- Signals: You have put a process in place, have written standards and have trained everybody. Things work apparently ok: the metrics show progress and Lean ideas are used. But what happens if a crisis comes (a close due date, an ugly quality problem, an accident…)? Do you still stick to your standards? If the answer is “no”, then firefighting is still in the DNA of your people. Observing how people behave in a crisis can show you a lot about how well your Lean efforts are progressing. Typically a powerful person (a manager, a very experienced worker) takes control over the work, even if they were not involved in the process until that moment. The Fireman has come to town. They adopt a “command-and-control” strategy, telling everybody what to do or even doing all the work by themselves. No team work, no data, just do things my way, the way it’s always been done. In many cases Firemen belong to the “do whatever it takes to hit the numbers” school of thought.
- Solution: In general, preparing the process and the people for a crisis before it comes is a good strategy to prevent this problem: decide in advance how you will behave (crisis standards), how you will support the process (crisis backups), what data you will need to keep things under control (KPI, visual controls), how you will control progress (crisis meetings). A crisis is an exceptional event and it is ok to handle it differently from business as usual (this means that it is ok to have 2 sets of standards to use depending on the situation. This does not mean that following standards is optional in case of problems). Be ready to check if the company is really serious about Lean when a crisis comes.
There is an even riskier variation of this problem: “The Pyromaniac”. These people force the process to fail (unintentionally or not) only to have the opportunity to show their problem-solving skills. They are extremely dangerous and must be kept under control from the beginning.
Next chapter: “the Human Computer“
Picture from: http://www.deviantart.com/morelikethis/62564349
It is always good to remember this: Lean is not about the tools, Lean is a thinking system. The Toyota Production System and its tools (SMED, 5S, Kanban,…) have often been considered the same thing. Everybody working with lean has probably made this wrong assumption at some point, but TPS is much more.
The classic article “Decoding the DNA of the Toyota Production System”, by Steven Spear and H. Kent Bowen (HBR, Sept 1999) helps understand that TPS greatest achievement is to create a global community of scientist who use PDCA to establish hypothesis and test them. In other words, it creates a rigorous problem solving culture. Read the full article here:
Thomas L. Jackson (Hoshin Kanri for the Lean Enterprise) has summarized it this way: “The major question in assessing [Lean] development is: To what extent has scientific PDCA thinking become part of the company’s culture?“. This idea can be articulated in 5 rules:
- Rule 1: Standardize processes & work
- Reduces variability
- Improves quality & learning
- Creates controlled conditions for improvement
- Rule 2: Zero ambiguity
- Customer requirements must be absolutely clear to everybody working in the value stream
- Rule 3: Flow the process
- Material and information move in the most direct way
- Rule 4: Speak with data
- Decisions taken at the lowest possible level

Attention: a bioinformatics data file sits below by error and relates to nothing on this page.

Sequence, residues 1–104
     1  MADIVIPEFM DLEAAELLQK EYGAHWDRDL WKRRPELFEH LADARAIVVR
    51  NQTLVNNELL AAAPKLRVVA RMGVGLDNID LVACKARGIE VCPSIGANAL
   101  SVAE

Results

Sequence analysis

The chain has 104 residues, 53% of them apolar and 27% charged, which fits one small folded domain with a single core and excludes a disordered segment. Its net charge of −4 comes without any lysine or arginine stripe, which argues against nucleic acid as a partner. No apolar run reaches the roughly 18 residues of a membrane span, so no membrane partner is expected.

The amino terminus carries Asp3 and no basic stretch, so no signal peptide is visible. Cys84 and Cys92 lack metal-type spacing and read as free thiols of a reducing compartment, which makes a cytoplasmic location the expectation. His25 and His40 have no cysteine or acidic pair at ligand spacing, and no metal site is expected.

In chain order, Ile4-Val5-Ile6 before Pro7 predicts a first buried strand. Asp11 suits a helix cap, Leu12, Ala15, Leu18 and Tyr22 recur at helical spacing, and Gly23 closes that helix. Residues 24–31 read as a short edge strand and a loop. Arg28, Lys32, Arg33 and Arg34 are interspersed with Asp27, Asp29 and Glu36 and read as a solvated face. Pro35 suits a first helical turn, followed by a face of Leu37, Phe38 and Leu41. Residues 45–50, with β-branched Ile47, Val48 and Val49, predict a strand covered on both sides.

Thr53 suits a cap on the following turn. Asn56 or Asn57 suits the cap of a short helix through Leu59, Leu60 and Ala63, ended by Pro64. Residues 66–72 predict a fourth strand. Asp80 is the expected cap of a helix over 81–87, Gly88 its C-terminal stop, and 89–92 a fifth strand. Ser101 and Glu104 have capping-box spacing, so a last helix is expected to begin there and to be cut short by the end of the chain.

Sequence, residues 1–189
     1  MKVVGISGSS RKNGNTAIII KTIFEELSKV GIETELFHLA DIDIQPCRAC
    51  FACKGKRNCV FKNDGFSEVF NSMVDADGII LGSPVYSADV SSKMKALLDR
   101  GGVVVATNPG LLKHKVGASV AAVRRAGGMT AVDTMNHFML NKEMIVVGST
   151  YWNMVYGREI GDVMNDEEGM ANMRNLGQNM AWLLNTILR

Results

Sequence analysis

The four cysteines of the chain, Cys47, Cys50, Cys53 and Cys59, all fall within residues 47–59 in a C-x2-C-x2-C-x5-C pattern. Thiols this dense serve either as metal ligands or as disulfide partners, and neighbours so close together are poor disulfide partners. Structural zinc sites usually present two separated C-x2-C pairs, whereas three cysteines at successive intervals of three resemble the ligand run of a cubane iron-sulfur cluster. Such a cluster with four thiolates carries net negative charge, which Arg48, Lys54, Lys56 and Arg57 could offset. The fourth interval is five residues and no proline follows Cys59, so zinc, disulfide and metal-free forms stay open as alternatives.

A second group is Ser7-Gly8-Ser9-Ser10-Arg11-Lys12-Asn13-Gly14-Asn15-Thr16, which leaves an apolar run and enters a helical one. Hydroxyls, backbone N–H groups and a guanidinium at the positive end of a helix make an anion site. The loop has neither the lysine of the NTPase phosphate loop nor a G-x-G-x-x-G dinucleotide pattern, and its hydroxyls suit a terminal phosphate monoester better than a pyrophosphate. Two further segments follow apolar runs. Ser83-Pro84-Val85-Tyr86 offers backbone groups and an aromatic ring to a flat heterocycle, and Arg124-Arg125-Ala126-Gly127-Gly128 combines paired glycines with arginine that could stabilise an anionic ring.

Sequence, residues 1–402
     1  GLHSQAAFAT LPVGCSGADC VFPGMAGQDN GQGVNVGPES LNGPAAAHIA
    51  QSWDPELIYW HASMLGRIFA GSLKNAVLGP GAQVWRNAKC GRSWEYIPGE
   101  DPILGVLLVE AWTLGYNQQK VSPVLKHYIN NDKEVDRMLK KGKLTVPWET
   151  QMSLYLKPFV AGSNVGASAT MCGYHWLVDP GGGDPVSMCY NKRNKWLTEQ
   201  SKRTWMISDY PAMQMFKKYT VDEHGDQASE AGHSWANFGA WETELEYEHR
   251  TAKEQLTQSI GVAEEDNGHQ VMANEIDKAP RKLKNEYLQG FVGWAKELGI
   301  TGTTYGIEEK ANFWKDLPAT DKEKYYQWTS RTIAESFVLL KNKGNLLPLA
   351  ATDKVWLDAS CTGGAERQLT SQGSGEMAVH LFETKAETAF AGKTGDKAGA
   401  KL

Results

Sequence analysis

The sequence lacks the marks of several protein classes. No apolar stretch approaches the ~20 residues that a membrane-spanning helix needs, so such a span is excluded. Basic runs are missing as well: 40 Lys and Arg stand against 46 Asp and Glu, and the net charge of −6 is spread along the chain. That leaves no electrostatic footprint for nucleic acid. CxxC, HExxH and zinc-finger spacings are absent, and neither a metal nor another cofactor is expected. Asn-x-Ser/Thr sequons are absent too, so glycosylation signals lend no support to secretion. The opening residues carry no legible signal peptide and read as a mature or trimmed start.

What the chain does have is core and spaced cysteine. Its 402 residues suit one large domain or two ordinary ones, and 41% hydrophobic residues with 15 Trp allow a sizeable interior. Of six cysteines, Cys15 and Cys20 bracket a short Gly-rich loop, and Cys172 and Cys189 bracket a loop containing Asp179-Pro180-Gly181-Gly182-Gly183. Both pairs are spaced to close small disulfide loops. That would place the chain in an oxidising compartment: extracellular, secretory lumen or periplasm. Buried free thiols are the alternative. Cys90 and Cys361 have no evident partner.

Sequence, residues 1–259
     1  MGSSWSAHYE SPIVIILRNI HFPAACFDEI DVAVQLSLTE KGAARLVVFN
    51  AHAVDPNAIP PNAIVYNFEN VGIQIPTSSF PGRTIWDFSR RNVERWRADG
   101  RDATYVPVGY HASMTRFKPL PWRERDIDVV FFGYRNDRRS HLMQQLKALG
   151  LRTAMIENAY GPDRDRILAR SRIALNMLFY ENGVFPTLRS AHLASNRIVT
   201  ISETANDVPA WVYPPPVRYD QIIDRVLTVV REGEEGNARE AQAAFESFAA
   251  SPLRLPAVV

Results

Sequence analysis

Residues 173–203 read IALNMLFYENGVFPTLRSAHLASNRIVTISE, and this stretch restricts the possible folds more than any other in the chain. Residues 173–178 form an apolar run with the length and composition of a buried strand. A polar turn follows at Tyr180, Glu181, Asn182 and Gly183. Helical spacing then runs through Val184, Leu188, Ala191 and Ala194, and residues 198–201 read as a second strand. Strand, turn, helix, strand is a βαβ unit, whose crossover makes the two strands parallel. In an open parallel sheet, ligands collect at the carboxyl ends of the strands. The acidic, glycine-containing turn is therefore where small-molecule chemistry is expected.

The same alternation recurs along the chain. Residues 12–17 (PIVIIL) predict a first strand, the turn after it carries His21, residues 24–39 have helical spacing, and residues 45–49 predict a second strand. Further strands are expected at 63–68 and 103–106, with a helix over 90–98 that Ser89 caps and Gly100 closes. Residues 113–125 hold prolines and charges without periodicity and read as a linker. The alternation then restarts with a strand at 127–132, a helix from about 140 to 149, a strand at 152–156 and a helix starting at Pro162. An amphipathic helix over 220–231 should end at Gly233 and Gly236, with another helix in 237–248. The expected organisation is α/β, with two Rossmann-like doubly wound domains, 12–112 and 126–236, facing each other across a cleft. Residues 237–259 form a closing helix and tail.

- Decisions takes as close to real-time as possible
- Decisions based in PDCA
- Rule 5: Develop people
- Workers who are problem solvers
- Leaders who are teachers
The best strategy to develop Lean is to find your own way of applying Lean rules and not to simply “copy and paste” Toyota tools. Implementing tools without much thinking rarely works, creates frustration and ultimately makes everybody lose faith in continuous improvement.
“You can get more with a kind word and a gun than you can with just a kind word.”
Lean is a team sport and one of the most important things to do is to communicate and influence others (remember, influencing is very different from manipulating). In most cases, aligning people to your project is the key for success, much more than the correct use of tools and techniques.
I attended a conference 2 weeks ago about the science of persuasion. This video summarizes the main ideas:
The basic concept is that people tend to say yes when any of these situations happen:
- People give back what they have received first, especially if it was personalized and unexpected (Reciprocity)
- People wants more of those things that are not abundant. The value of a product is as important as its cost of opportunity (Scarcity)
- People trust credible, knowledgeable experts (Authority)
- People like being consistent with the things they have previously said or done. This works best using voluntary, active and public commitment (Consistency)
- People tend to say yes to those they like: those who are similar to us, pay us compliments, have common goals (Liking)
- People like doing what similar others do (Consensus)
I found it interesting and I discovered that I had used the Consistency and Consensus principles in many projects to improve the chances of sucess. Anyway social sciences are never easy to validate and of course it is your choice to believe this or not.
By the way, the quote at the beginning of the post is often attributed to Al Capone, but in fact humorist Professor Irwin Corey said it. When you thought it was a Capone quote, were you more willing to believe it due to the Authority principle? 🙂
If you’re going through hell, keep going.
Implementing change can look pretty much like hell. And the only solution is to keep going. Yes, I know, life is not fair 🙂
I hate housework! You make the beds, you do the dishes and six months later you have to start all over again.
It reminds me so many lean projects…